thesleepdoctor.com| 5 Things to Know—and DO—If You Aren’t Sure Your Chronotype is Right
Have you identified your chronotype yet? It’s an incredibly important piece of information about your individual preferences for sleep, as well as nearly every aspect of health and performance. Knowing your circadian bio type gives you a guide to the best times to do just about everything, from when to go to be and wake up, work out, ask for a raise or interview for a promotion, have a heart-to-heart with your kids or a serious discussion with your partner. And yes, whether you’re a Lion, a Bear, Wolf, or a Dolphin, knowing your chronotype points to the best times for sex and intimacy too!
People see a lot of themselves in their chronotype. That’s because our daily circadian bio rhythms fundamentally influence how we think and feel, our energy and capacity to take on and accomplish all we need and want to do in our days. We live better and more productively when we do so in alignment with our bodies biologically driven preferences. That’s what knowing your chronotype can help you do.
It’s easy to learn your chronotype by taking this quiz: www.chronoquiz.com.
Sometimes people have questions about their results, where what they see in themselves doesn’t line up neatly with what their chronotype says is true for them.
If that applies to you, don’t worry. You’re not alone. Chronobiology is complex and dynamic. So are chronotypes. We don’t all fit perfectly and exactly into neat boxes. Here’s what to know about the subtleties of chronotypes, and how to get the most from them:
Each chronotype comprises a range of attributes, affinities, behaviors and preferences
Within each of the four chronotypes there exists a continuum. Not all Lions wake bright-eyed at 5 a.m., and not all Wolves still have energy to burn at midnight. Some Bears are more relaxed and easygoing than others. And one Dolphin can need measurably more sleep than another. For each of the three main expressions of bio type—sleep/wake preferences, sleep drive, and personality—there are degrees of difference at the individual level.
Hybrid chronotypes exist—especially for BEARS
If your chronotype doesn’t quite align with your personality, habits and lifestyle—or if you see something of yourself in another chronotype as well as your own—you may be a hybrid of a couple different bio types. This can be especially common among Bears. Roughly 50 percent of the adult population are Bears. It’s a large group, with a wide range of preferences, drives, and personality traits.
Bears who fall at the edges of the continuum are quite likely to share characteristics with other chronotypes. There are Early Bears and Late Bears, who share traits with morning-centric Lions and night-centric Wolves. Both Lions and Wolves have lower sleep drives than a typical Bear—so for Early and Late Bears, both groups may need less sleep than their fellow bio types. Early Bears may have a blend of any of the Lion personality traits—their get-up-and-go, ambition, focus, and conscientiousness. The same is true for Late Bears and the traits of Wolves, including creativity, an openness to risk taking, a love of the new and different.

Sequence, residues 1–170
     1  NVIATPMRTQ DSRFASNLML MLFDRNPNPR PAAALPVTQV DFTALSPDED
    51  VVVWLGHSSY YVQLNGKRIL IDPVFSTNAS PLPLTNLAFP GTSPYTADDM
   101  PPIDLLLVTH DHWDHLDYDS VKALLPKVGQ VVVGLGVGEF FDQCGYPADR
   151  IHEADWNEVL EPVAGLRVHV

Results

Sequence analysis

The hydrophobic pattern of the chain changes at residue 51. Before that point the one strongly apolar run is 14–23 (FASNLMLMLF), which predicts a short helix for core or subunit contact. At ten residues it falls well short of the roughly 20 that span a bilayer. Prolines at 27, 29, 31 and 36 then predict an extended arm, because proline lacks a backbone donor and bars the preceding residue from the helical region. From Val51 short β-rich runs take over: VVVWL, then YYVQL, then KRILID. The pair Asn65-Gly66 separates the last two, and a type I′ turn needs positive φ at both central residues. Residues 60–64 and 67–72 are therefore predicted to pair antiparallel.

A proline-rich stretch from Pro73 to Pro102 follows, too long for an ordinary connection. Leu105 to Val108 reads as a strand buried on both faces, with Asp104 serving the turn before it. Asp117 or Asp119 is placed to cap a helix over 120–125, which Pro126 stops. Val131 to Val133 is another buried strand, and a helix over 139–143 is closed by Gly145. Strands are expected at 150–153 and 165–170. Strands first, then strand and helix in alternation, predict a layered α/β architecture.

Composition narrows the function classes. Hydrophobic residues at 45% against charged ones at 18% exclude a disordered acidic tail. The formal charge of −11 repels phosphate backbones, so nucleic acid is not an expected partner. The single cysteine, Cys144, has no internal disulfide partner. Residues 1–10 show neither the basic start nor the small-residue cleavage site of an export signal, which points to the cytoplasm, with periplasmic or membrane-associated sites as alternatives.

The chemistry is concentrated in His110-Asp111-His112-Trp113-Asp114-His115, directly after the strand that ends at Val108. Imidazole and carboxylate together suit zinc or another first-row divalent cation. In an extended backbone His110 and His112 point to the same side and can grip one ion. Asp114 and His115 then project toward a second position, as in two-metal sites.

It’s possible for either Early Bears or Late Bears to overlap with the light-sleeping Dolphin bio type. A tendency to sleep restlessly, to experience symptoms of insomnia on a recurring basis is one sign of a possible Bear-Dolphin hybrid bio type. These folks may also share some of the high-strung, brainy personality characteristics that Dolphins have.
Every chronotype can have sleep issues (including insomnia) that affect behavior and performance
Dolphins experience restless, short sleep patterns that overlap with the symptoms of insomnia: trouble falling asleep, difficulty staying asleep, waking very early or waking feeling un-rested and un-refreshed by sleep.
But any chronotype faces the possibility of these sleep issues, and changes to sleep patterns that may make it harder to distinguish their fundamental chronotype. Lions and Bears are good sleepers, broadly speaking, but a Lion who often wakes at 3:30 in the morning, or a Bear who falls asleep early but wakes often throughout the night both face insomnia-like symptoms put them in direct, fatiguing conflict with society’s sleep-wake clock like Dolphins also are. Same is true for the Wolf who can’t fall asleep before 1 or 2 a.m.
And remember, for every chronotype, sleep and performance are influenced by biological and genetic factors as well as circumstantial and environmental ones. A Lion who consumes caffeine after dinner may not fall asleep before 11 p.m., but still wake at 5:30—and feel significantly less Lion-esque in the morning as a result. Bears who are dedicated daily exercisers may find themselves adhering to something closer to a Lion-like bedtime and wake time. Wolves who can make their daily schedules align with their bio type (for example, by starting and ending work later in the day, or not having to regularly get up at dawn to care for a small child), may get all the sleep they need—and may have less of the typical Wolf’s impulsivity and emotional ups and downs as a result.
It’s possible you’re in a transition between chronotypes
Chronotypes are the expression of our individual genetic and biological identity. We sleep, feel, and perform best when we align our daily lives with our chronotype’s preferences and drives. We can’t change our chronotypes. But chronotypes do change at certain points in our lifespan. As children, we’re mostly Lions, and in adolescence, nearly all of us are Wolves. By about age 21, we begin to settle in to the chronotype that will stay with us through decades of adulthood, until about age 65. At that point, sleep patterns and sleep drives may change, with more older adults becoming Lions or Dolphins.
It’s not always easy to identify with your chronotype